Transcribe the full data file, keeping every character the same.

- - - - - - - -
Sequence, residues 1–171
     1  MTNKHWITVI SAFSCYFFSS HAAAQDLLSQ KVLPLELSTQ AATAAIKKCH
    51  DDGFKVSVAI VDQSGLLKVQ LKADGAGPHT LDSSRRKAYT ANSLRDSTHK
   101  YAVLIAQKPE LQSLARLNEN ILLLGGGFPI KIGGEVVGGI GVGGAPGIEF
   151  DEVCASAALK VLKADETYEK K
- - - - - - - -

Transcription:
Sequence, residues 1–171
     1  MTNKHWITVI SAFSCYFFSS HAAAQDLLSQ KVLPLELSTQ AATAAIKKCH
    51  DDGFKVSVAI VDQSGLLKVQ LKADGAGPHT LDSSRRKAYT ANSLRDSTHK
   101  YAVLIAQKPE LQSLARLNEN ILLLGGGFPI KIGGEVVGGI GVGGAPGIEF
   151  DEVCASAALK VLKADETYEK K